Yeah, I mean, a big emphasis within the novitiate is completing a series of sort of personality tests…two of them, very famous, the Myers-Briggs exam and also the Enneagram as well. So those two help you to really delve deeper into sort of the social dimension of community but also within the interpersonal dimension, the personal dimension of how you are able to fit into not only that community but into society. By understanding yourself, by understanding your upbringing, understanding who you are as a person definitely helps to, help you connect into community.

As a person, you mentioned growing as a person, I think within college my faith definitely began to flourish. But then after meeting the De La Salle Christian Brothers new opportunities opened for me to continue to meet other young men who are interested in religious life, extending sort of this invitation to live in community helped me to say, “all right, now I get to also work side by side with the Brothers” but also get to try out what it’s like to work within one of their ministry, within one of our schools. At that time it was a high school I first started in. And through sort of those experiences it helped me also to grow not only as a person but also professionally, as well within the Brothers.

[00:06:36] What family and/or church experiences growing up helped create that foundation to where you were able to hear this call into your religious vocation?

The Brothers ministry is one that seeks to provide what’s called a Christian education for the poor. So it’s become an extension, right, of my own family, my original community, so to say. So my family definitely has always encouraged me to be authentic, genuine, and faithful to God as a disciple of Christ but really thinking about how can I continue to share my gifts and go out into the world and serve is to always remember, you know, my origin, my roots.

So I, definitely, my family definitely serves as a constant reminder to continually embrace those values, you know, respect and service to one another as Christ would have had us do as brothers and sisters. So that’s where it comes from.

[00:07:38] Are there any experiences growing up that made you interested in being a teacher? Or is that something that came gradually or was it like a specific moment that started that thought?

I think mostly just reviewing my own life as a student and reviewing all the teachers that I had who really had a strong impact on me helps me to frame how I want to continue to teach and how I want to continue to grow. It’s not a perfect science, teaching is not a perfect science. Anybody will tell you that. It’s definitely one that’s going to challenge you and test you throughout time but looking at my teachers, looking at my family members, looking at friends, all those life experiences and being able to not only accept them but also utilize them as the motivation to continue forward, to pass on the good that I’ve experienced. To learn from that which was not always so good but also make sure that I’m able to discern at different points that say, “all right, this is a new experience I haven’t experienced before as a teacher, clearly, but I can still allow God to work through me in this opportunity.” I just have to sort of get out the way and allow God to work.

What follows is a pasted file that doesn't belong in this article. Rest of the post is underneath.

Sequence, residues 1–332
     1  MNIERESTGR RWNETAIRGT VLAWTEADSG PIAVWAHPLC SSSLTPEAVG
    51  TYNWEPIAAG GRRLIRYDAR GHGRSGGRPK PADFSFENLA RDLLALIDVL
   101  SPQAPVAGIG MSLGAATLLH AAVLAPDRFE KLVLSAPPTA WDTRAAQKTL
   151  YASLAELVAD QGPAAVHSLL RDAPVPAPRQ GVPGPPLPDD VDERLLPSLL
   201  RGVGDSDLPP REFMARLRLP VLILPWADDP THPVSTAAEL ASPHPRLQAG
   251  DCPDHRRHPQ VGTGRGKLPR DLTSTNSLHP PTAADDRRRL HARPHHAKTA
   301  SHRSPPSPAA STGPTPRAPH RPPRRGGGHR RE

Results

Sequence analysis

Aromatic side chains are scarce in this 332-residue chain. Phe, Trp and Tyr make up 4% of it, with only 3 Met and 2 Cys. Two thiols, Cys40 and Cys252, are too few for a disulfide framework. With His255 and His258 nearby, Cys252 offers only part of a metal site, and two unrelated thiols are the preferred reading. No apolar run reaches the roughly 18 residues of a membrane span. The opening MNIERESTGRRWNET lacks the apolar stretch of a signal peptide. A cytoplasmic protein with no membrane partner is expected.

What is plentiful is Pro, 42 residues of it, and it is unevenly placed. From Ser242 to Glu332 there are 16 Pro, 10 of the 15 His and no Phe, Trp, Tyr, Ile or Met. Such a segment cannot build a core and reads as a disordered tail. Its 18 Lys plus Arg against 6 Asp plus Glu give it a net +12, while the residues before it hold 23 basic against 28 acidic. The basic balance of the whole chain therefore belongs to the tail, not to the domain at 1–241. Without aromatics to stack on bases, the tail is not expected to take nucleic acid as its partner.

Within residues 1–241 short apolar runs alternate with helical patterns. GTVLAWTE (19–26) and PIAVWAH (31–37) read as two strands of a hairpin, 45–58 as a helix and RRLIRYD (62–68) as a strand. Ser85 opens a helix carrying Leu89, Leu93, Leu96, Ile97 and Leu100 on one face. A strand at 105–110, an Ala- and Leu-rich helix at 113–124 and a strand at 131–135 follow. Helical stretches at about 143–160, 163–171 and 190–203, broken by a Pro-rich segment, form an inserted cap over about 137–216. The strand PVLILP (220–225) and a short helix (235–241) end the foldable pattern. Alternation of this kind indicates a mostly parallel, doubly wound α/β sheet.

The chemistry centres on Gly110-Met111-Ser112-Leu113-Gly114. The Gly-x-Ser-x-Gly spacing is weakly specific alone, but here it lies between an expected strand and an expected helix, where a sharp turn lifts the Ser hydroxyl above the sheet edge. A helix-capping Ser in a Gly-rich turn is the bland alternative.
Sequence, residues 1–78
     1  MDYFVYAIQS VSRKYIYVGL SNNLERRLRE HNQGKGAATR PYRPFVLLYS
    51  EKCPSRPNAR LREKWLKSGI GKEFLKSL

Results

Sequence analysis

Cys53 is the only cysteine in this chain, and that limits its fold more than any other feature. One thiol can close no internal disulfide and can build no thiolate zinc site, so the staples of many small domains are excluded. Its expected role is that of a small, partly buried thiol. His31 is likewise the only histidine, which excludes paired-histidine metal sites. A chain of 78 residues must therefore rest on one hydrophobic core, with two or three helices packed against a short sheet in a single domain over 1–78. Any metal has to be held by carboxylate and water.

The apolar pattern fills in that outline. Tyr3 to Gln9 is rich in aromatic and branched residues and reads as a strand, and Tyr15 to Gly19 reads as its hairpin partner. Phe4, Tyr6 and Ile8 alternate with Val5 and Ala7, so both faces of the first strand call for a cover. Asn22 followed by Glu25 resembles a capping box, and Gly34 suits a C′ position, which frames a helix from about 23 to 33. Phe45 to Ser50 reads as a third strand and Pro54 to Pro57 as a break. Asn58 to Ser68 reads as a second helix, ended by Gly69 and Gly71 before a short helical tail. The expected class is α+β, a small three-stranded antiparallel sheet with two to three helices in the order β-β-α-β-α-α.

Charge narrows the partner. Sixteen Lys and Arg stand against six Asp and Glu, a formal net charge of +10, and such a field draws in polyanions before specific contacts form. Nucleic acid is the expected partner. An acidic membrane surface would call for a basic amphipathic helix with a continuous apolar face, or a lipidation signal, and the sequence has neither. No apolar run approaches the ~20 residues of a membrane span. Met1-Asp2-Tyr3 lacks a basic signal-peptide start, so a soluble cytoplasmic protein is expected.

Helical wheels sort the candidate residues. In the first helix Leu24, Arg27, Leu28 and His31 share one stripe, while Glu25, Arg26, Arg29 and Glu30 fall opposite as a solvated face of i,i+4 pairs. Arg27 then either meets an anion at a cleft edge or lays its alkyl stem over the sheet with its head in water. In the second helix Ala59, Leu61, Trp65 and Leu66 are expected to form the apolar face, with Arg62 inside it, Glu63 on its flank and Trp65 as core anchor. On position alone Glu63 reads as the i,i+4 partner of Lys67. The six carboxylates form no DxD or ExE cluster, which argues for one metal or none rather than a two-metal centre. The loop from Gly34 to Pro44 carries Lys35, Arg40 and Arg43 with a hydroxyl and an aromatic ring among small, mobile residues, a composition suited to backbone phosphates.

[00:09:03] Do you see any parallels with the students you work with or you teach and seeing yourself in them? How has that helped you in speaking to them?

…It’s this notion of not only necessarily being able to see yourself in them but being able to plant the seeds, you know, for the future. And that’s, those are the moments that I reflect on in my own life that I say, “wow.” Like those few moments that a teacher said something or that teacher did something for me that stuck with me. Those are the moments that I always try to work towards and probably 95% of the time I don’t even know that I’m planting those things. We don’t even know that we’re planting those seeds in the future.

So really what I try to convey to my students at any time especially as they continue to discern their own lives, they send their own vocations, it’s just being willing, open and willing to grow, you know, to learn. Obviously as an educator we want students to learn but also be willing to take those risks in themselves and others. Take those risks in God and always be themselves. Be authentic…

[00:10:48] I read that it was in college you were introduced to the De La Salle Christian Brothers. Looking back at that encounter, what was about the interaction from that Brother that opened up your eyes to this vocation?